Aaron Gordon seems to be making the most of his time off from the NBA.
The Magic forward and dunk contest best man (never the groom) released his first rap single earlier this month. The song, Pull Up, features Moe and has Gordon throwing down one fairly entertaining verse. (“80 m’s in the bag, that’s a bargain,” Gordon raps about his Orlando contract.) The accompanying music video has the two artists goofing around on golf carts, with Gordon rocking his jersey from Uncle Drew as well as a Hawks Vince Carter vintage.
“I’ve been tapping into my creative side,” Gordon told Sports Illustrated about what he’s been up to since NBA play was suspended. “I’ve really been able to sit down and spend time with my inner artist. It’s been really fun.”
According to Gordon, his first song is more of a tease of what’s to come, and his hope is to have a project done by September, if the pandemic allows. The budding artist also plans to collaborate with several other athletes-turned-rappers on a mixtape called Born Winner. Earlier this month, SI caught up with Gordon to discuss his new song, his future in music, and more.
Rohan Nadkarni: Is rapping something you’ve always wanted to do?
Aaron Gordon: I’ve always had an affinity for words and poetry. MCs are just kind of modern-day philosophers and modern-day poets. It’s just fun. It’s a great way to express myself. It’s like therapy, being able to see and psychoanalyze myself from different perspectives and put it into a catchy tune. The poetry is where it started from.
RN: Is it easy for someone like you to produce a song? Or do even you have to jump through a lot of hoops?
AG: I got some of the best people in my corner, man. We have a great team at Level Up Music. Ayo, Austin Owens, a Grammy-award winning producer, he has like a couple of viral songs going on right now. We don’t let each other lose, we’re looking out for each other. We got in the studio, we did that song in about 45 minutes. Ayo cooked the beat up from scratch, Moe laid down the chorus, and then I laid down my verse.
RN: I think many people, whether they admit it or not, want to be in a music video at some point in their lives. Is it as fun as it seems?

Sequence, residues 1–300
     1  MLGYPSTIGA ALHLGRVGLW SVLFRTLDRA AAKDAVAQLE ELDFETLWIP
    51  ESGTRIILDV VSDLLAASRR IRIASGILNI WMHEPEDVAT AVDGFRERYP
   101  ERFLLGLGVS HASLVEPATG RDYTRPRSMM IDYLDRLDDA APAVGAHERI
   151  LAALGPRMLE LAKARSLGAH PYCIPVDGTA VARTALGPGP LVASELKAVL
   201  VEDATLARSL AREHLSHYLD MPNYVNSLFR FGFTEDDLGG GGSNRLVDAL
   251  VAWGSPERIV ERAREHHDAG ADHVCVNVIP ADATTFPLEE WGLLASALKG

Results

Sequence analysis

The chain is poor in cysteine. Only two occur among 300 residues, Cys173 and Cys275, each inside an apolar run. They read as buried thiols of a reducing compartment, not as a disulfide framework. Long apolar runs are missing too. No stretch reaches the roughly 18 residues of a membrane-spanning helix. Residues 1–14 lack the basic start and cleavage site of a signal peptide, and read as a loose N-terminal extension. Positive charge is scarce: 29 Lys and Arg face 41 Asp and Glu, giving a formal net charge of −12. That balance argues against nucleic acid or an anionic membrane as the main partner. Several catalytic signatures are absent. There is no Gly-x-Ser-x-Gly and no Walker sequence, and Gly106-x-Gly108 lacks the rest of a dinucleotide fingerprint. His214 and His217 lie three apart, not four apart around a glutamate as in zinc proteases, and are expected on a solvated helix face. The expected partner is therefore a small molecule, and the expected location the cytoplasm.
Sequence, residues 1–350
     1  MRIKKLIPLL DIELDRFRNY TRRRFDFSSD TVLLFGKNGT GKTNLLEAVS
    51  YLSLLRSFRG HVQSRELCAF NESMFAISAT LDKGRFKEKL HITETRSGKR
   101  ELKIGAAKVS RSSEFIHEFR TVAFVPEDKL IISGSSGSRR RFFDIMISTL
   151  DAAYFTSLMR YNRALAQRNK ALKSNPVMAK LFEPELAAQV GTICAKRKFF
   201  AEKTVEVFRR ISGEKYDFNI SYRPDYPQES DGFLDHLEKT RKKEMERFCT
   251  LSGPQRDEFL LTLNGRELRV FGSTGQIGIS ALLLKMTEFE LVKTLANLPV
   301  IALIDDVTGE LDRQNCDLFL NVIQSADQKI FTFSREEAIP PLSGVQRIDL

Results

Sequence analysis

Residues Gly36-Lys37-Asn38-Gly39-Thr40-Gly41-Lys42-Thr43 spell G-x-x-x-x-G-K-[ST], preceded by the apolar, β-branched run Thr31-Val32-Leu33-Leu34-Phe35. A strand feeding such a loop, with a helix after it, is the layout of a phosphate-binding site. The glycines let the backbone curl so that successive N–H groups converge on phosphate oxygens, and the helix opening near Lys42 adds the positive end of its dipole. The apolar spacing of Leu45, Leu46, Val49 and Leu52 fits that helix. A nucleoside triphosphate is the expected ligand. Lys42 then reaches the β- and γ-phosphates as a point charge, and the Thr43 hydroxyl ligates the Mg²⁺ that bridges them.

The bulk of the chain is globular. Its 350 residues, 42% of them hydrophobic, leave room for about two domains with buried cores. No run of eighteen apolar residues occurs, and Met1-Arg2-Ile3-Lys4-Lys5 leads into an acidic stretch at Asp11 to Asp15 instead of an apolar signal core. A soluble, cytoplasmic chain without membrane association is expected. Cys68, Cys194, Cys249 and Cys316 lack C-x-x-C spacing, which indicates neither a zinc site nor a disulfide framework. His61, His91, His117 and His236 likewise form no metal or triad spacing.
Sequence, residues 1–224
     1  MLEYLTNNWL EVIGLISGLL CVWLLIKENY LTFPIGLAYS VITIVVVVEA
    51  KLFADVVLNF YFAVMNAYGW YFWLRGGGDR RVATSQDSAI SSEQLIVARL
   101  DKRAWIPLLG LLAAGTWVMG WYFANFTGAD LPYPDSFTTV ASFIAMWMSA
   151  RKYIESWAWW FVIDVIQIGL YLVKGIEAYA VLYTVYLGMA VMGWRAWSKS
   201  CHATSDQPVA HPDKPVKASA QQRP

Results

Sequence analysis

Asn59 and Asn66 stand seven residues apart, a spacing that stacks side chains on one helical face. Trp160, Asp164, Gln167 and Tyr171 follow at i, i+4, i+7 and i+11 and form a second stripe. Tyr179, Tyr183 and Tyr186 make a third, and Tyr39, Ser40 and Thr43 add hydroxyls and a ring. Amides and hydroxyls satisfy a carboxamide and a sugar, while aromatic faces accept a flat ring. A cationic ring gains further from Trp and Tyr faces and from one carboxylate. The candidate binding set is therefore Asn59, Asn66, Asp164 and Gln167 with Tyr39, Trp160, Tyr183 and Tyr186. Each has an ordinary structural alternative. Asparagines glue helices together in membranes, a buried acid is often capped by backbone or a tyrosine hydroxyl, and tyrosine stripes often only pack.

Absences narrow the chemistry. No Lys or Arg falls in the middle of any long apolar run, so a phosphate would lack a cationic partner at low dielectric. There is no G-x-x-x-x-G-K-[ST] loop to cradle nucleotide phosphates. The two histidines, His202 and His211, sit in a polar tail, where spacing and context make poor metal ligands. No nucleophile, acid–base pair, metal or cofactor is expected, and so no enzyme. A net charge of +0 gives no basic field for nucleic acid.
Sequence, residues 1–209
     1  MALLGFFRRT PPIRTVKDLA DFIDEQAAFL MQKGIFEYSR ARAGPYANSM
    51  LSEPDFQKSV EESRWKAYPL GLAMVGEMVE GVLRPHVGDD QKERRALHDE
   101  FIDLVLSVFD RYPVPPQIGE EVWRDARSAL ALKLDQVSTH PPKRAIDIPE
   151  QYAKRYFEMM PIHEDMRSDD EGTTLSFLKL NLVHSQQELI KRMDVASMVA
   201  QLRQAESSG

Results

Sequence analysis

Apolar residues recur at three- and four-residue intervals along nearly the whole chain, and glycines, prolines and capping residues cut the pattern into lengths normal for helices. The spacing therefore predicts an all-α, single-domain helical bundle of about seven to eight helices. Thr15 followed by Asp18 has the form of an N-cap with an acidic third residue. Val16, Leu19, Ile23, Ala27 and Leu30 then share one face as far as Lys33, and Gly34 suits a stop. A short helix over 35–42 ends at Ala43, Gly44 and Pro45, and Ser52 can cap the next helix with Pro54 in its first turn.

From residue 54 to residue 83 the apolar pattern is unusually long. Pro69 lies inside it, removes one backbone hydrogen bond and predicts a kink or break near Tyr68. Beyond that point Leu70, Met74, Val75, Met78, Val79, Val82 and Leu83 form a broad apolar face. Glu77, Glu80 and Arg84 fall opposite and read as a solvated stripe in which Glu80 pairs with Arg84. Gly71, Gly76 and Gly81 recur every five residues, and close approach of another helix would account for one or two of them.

AG: It was a lot of fun. That was the first one I’d ever really been around. You could tell we were having fun in the video, smiling a lot. That’s kind of like my characteristic, I just smile. It was a lot of fun though, man. It helps me tap into my directing side as well. The videos are going to be getting more and more extravagant, more creative, but still keep that same level of fun.
RN: Did your teammates like the song? Or did they clown you for it?
AG: The NBA, these are some of the realest dudes I’ve been around. So they’re going to tell you if it’s terrible. And they liked it, man. They were expecting it to be trash but it was good. I’ll get in the studio with a couple of them eventually. Like Wes Iwundu and Markelle Fultz, we’ll all be in the studio together.
RN: Maybe you don’t have everything planned out, but where do you want to take your music career? Is this something where you really want to make a name for yourself? Where do you want to take this?
AG: Oh, of course. I want to be recognized by the best, be up there with the best, and validate myself. I’m going to continue to work at it. I got a great team around me, a great supporting cast around me to give me the opportunity to pursue these goals.
And then ultimately, just create a platform for other people to express themselves creatively, through song, dance, art. Be able to establish maybe a studio, turn into a place for kids who wouldn’t necessarily have the chance to get studio hours, have the chance to make a multimillion-dollar hit. It’s a place where they can come and express themselves, kind of escape reality or help them embrace reality.
RN: Do you have a dream collaborator right now?
AG: Oh for sure, it’s the dude I jumped over in the dunk contest, Chance the Rapper. If I could get him on a record, that would be amazing. But I want it to be off of skill, you know what I mean? I want him to hear the rap and want to do it because of that, not just a favor. Either way it would be cool, but I just want that recognition and validation. I got a long way to go.
RN: Fans sometimes get caught up almost entirely in what you can do for them on the court. How important is it to you to show people this other side of you?
AG: At some point in time, everybody is going to see pretty much all of me. I’m going to give everybody my all. And that’s what it’s about. It’s for the fans, it’s for putting smiles on people’s faces. It’s about uplifting and elevating the consciousness of overall society, overall world. It’s important to let people know I have a lot of different talents. Basketball has carried me really well, it’s my first love, but it’s not my only love. There’s more to me than just a ball player.